Engagement with other groups: Industry recommended engaging with other stakeholders.

The Agencies are actively engaging with a broad group of stakeholders and government bodies (including peer agencies, industry bodies and actuarial consultancies). Extension of the engagement period will allow incorporation into any formal consultation.

Data Availability

The Agencies’ Response

Underinsurance and overinsurance: Stakeholder groups highlighted the lack of data that can measure underinsurance and overinsurance. 

The Agencies are seeking to collect data points that will help provide a greater understanding of underinsurance and overinsurance. 

Feedback is welcomed on the proposed data points and definitions released alongside this discussion paper.

Availability and accessibility of data: Stakeholders shared concerns around the availability and accessibility of data from other sources (e.g., superannuation trustees).

The Agencies will have targeted consultation to better understand and address the availability and accessibility of data. 

For insurance in super, we will work with the Superannuation Data Transformation (SDT) project to streamline areas of overlap.

Regulatory Burden

The Agencies’ Response

Consistency and consolidation of data: Stakeholders conveyed the importance of consistency of data definitions and consolidation where there are overlaps with other reporting regimes.

The Agencies will consider other data collections and reporting regimes to ensure consistency. The Agencies have obtained data templates and definitions from other agencies as we strive to maintain alignment of definitions where possible. Feedback is welcomed on the proposed data definitions released alongside this discussion paper.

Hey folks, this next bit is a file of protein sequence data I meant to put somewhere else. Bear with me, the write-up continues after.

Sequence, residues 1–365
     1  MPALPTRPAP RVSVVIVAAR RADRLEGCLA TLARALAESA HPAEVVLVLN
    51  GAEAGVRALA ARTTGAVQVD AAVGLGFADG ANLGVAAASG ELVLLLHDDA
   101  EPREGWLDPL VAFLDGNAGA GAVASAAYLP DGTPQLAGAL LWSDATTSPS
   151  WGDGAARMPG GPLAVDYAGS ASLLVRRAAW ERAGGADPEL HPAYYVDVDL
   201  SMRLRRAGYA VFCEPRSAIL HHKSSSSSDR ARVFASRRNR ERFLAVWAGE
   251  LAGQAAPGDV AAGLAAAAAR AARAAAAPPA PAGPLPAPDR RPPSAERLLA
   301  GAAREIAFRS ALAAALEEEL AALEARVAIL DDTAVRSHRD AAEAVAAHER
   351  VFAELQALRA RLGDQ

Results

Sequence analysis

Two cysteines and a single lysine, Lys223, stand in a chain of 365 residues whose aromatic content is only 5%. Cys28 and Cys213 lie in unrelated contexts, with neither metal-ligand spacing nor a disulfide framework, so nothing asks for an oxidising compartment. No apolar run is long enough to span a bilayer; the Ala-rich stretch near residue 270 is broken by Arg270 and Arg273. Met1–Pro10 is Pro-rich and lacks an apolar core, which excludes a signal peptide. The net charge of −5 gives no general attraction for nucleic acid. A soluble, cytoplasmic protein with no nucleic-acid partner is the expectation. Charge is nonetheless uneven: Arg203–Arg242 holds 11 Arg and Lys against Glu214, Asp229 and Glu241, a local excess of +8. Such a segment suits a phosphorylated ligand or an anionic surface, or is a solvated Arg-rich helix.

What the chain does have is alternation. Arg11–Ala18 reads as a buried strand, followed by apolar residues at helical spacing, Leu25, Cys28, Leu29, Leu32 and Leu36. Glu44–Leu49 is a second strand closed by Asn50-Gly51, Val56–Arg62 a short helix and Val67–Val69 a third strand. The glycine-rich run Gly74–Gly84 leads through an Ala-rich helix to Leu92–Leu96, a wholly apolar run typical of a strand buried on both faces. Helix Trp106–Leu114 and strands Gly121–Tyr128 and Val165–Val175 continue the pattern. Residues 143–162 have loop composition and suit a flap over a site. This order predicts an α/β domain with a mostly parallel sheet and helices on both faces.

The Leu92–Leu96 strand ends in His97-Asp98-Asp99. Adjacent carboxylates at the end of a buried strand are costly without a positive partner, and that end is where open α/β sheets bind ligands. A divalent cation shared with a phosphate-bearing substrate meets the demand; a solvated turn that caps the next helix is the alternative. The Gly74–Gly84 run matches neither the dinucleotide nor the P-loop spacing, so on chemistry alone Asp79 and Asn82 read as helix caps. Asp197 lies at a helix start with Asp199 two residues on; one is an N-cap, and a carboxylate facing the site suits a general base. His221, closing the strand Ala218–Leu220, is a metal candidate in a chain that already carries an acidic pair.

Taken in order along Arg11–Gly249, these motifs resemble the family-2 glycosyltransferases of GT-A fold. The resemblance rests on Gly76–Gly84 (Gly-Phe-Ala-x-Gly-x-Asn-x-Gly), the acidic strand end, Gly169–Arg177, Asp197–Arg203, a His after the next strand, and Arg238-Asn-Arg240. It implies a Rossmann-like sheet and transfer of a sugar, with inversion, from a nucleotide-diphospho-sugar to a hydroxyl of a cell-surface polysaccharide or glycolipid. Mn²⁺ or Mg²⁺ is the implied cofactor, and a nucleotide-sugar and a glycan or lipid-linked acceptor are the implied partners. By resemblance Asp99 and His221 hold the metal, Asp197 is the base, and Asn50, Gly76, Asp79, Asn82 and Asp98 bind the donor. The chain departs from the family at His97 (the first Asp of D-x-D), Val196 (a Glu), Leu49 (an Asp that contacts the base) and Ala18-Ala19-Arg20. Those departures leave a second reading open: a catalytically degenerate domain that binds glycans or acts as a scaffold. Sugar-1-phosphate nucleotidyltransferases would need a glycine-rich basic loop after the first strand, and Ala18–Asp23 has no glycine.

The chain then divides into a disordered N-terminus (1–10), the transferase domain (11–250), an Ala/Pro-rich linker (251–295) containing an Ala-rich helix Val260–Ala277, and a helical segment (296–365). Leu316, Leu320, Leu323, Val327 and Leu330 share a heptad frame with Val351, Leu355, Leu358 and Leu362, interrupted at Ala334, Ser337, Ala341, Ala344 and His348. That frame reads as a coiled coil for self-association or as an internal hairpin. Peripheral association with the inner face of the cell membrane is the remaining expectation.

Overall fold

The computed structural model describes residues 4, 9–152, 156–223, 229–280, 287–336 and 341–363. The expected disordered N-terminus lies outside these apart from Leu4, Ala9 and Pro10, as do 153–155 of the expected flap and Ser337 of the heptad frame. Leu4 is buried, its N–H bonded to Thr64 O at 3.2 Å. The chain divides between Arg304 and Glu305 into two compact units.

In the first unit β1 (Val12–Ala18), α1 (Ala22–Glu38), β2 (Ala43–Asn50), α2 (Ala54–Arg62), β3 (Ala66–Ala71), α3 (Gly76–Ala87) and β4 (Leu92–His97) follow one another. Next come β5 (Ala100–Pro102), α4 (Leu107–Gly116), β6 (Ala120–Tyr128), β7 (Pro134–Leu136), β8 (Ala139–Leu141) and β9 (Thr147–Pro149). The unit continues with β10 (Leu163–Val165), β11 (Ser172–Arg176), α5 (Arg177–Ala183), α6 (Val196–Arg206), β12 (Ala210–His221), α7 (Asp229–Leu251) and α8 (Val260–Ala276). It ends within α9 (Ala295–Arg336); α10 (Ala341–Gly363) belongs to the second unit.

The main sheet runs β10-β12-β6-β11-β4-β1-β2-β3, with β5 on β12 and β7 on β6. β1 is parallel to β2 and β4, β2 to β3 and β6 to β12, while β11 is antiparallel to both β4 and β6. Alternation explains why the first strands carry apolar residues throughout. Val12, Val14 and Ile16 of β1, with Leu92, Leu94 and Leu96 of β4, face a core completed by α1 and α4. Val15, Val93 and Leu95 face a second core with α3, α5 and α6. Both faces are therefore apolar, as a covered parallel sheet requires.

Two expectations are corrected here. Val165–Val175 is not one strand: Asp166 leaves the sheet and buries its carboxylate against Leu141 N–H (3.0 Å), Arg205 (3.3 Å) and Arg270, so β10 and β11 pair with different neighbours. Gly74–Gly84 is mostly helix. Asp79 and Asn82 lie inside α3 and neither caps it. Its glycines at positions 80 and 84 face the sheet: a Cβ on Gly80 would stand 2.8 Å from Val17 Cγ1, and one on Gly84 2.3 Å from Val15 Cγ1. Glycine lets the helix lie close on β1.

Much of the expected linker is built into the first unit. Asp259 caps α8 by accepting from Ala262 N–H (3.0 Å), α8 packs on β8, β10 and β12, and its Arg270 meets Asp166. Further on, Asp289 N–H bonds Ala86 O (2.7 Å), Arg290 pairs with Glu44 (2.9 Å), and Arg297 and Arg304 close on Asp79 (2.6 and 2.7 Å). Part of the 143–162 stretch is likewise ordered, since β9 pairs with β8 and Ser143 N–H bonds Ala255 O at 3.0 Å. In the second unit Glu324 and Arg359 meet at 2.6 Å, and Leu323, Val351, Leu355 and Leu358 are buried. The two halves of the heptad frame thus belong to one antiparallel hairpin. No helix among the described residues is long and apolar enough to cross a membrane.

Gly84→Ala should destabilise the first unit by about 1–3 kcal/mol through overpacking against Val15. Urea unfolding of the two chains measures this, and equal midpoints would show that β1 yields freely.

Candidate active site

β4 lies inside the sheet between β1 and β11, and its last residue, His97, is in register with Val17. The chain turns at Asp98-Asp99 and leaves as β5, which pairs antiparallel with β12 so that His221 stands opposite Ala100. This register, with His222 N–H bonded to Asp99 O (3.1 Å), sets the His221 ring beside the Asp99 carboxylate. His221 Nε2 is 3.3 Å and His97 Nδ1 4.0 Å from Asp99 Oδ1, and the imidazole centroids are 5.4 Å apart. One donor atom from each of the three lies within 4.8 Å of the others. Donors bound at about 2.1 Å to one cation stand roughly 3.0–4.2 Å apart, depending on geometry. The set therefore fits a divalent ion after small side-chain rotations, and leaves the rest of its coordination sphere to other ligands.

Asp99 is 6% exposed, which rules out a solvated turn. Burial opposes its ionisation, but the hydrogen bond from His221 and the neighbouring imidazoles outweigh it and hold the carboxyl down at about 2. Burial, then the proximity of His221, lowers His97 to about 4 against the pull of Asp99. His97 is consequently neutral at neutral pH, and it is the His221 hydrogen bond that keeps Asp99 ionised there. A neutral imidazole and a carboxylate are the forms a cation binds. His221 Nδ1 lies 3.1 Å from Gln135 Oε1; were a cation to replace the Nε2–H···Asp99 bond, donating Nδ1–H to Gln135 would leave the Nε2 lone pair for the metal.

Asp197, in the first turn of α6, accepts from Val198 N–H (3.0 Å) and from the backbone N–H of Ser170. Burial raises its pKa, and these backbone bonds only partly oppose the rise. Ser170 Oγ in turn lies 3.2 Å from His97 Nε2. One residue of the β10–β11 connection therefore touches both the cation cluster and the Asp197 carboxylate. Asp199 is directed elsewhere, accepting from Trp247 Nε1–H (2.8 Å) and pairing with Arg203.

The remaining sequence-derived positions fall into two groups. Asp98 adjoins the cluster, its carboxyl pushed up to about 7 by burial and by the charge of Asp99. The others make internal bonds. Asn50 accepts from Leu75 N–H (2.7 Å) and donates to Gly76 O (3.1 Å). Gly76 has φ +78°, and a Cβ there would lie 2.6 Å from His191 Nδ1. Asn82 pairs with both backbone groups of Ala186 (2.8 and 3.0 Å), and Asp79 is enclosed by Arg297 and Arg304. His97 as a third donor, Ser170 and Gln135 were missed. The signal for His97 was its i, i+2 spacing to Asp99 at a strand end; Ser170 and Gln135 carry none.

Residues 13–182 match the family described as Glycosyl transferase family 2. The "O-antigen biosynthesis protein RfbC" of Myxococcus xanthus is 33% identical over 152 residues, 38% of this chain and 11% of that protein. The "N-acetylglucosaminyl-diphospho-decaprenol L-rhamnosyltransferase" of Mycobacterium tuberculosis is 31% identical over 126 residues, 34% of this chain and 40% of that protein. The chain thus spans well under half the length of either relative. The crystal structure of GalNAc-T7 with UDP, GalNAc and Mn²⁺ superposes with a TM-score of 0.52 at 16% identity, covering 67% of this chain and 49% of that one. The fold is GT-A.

There was broad support from stakeholders to implement the IDT in stages rather than all at once (i.e., a phased approach).

The Agencies intend to adopt a phased approach to the data collection (as outlined in Chapter 3 of this discussion paper).

Regulatory cost and burden: Stakeholders conveyed the costs associated with submitting granular data. 


The Agencies are mindful of the cost to industry in designing, building and maintaining the data collection. However, we also recognise the benefits of an industry-wide data uplift. The Agencies are committed to working with all relevant stakeholders to leverage synergies wherever possible.

Improve efficiency: Industry engagement to date increasingly noted the value of aligning IDT with the CALI experience study collection (administered by KPMG) which also collects granular information.